Understanding autism

Women and girls

Autism in women and girls

Rates of autism prevalence suggest that boys are, on average, 4 times more likely to have autism than girls.

But this figure may hide the true incidence of autism in girls and women, with some estimates ranging from 7:1 to as low as 2:1 (that is, 2 boys for every girl).
Parents with daughters on the spectrum will often share frustrating tales of how difficult it was to get a proper diagnosis for their daughters, while many autistic women did not receive diagnoses until adulthood.

Why does autism seem more common in males?

Being female does appear to protect the brain from many developmental disabilities, not just autism. There is emerging evidence that girls with autism need more extreme genetic mutations than boys to develop autism.

However, there is a growing body of work that indicates that autism just presents differently in girls and therefore often goes unrecognised, especially in verbally fluent girls with normal intelligence. Girls with autism also appear to be better at ‘camouflaging’ their symptoms in order to fit in.

With the diagnostic criteria for ASD based largely in how autism presents in males, girls can often ‘slip under the radar’ or get misdiagnosed. Girls with ASD seem to have less restricted and repetitive behaviours than boys, but it’s also possible that some of these behaviours go unrecognised — for example, an obsessive interest in collecting dolls may be misinterpreted as pretend play.

What does autism look like in girls?

Although every child with autism is different, here are some common characteristics in girls with autism:

  • A special interest in animals, music, art, and literature
  • A strong imagination (might escape into the worlds of nature or fiction)
  • A desire to arrange and organise objects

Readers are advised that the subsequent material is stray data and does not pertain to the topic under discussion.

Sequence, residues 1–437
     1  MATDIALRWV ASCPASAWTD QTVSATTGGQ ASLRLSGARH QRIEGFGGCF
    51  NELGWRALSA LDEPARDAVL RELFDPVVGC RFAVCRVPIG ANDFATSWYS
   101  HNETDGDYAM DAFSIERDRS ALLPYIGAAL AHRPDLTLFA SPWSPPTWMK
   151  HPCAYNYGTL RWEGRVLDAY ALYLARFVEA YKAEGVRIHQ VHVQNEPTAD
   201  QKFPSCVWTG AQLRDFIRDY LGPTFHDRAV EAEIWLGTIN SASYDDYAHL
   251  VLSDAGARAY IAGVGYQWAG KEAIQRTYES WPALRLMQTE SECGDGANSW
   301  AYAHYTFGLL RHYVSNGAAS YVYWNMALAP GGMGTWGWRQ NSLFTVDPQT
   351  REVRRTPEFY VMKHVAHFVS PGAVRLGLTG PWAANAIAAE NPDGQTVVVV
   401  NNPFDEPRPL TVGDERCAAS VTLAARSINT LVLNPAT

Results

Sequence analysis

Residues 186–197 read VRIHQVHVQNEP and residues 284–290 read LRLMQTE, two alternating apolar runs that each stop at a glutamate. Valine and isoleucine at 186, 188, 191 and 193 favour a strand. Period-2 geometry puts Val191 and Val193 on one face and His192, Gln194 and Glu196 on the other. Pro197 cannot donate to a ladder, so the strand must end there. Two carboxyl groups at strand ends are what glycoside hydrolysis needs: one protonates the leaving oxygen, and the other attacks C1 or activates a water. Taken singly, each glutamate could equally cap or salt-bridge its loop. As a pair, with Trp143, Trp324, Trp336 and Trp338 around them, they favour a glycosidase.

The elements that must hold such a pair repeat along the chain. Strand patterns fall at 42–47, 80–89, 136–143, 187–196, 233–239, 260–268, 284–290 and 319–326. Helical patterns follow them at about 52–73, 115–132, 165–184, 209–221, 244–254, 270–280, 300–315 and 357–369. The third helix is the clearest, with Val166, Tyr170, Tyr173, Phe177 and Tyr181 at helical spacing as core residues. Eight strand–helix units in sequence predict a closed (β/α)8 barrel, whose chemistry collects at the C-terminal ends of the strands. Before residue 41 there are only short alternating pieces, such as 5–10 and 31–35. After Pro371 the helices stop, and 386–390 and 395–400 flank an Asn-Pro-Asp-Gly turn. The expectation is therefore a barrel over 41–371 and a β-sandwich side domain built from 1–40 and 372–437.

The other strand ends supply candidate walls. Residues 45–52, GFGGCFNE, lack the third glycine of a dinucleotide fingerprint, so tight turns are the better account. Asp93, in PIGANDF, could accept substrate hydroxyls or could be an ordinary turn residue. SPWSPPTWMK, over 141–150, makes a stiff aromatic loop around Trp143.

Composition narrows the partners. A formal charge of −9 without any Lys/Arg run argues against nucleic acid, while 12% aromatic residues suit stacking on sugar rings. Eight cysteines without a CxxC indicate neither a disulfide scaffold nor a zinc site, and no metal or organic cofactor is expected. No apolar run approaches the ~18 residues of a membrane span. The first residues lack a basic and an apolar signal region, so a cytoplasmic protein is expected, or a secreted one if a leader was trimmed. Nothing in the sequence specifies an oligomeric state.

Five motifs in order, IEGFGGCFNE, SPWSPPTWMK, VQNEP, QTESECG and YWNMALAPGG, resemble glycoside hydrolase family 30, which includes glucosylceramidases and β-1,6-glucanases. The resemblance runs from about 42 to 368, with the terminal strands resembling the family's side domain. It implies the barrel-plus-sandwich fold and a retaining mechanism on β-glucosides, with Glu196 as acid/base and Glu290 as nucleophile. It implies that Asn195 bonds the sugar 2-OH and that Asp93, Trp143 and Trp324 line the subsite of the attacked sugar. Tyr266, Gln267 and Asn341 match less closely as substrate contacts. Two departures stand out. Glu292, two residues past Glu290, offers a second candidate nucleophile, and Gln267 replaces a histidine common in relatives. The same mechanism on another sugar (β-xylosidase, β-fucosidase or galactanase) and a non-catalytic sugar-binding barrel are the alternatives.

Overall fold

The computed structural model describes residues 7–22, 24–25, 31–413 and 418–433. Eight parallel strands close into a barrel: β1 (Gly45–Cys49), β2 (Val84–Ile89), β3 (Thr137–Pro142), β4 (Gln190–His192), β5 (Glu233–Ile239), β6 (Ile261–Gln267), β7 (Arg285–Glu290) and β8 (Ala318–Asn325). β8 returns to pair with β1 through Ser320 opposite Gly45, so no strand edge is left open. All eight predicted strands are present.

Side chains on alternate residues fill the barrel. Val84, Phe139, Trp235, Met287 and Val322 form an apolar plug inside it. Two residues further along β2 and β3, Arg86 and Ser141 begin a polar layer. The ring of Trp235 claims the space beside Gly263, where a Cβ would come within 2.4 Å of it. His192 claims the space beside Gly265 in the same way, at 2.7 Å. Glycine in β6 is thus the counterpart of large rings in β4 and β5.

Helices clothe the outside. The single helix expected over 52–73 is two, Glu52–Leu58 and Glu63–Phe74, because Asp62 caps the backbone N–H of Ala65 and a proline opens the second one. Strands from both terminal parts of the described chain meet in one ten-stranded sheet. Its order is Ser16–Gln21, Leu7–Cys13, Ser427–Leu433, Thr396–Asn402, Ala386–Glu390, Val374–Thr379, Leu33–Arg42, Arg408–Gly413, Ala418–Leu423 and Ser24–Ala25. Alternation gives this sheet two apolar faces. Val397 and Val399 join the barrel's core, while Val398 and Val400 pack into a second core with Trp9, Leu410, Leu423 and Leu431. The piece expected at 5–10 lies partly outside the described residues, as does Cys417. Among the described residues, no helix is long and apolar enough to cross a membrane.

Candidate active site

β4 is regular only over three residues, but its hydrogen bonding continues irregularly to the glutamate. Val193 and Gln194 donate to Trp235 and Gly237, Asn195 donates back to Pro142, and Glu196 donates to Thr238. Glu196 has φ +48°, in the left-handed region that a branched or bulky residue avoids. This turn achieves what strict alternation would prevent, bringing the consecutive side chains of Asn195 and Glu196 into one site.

• Not wanting to play cooperatively with female peers (for example, wanting to dictate the rules of play or preferring to play alone to maintain control)
  • A tendency to ‘mimic’ others in social situations in order to blend in
  • An ability to hold their emotions in check at school, but be prone to meltdowns or explosive behaviour at home
  • Strong sensory sensitivities, especially to sounds and touch (for example; clothing tags, socks or even deodorant).

For autistic girls to thrive, it’s important they have access to a timely and accurate diagnosis, and the informed supports that come with it. A delayed or missed diagnosis can impede their education and development, as well as their social and community participation.

While boys with autism are more likely to have outwardly challenging behaviours, (indicating underlying issues, such as anxiety) girls with autism are more vulnerable to internalising problems.

As our understanding of how autism affects females is still emerging, it is important parents and professionals alike stay updated on the best ways to specifically support girls and women on the spectrum.

Helpful resources

“We always knew our daughter was different. She has a cousin (boy) who is autistic but presents very differently”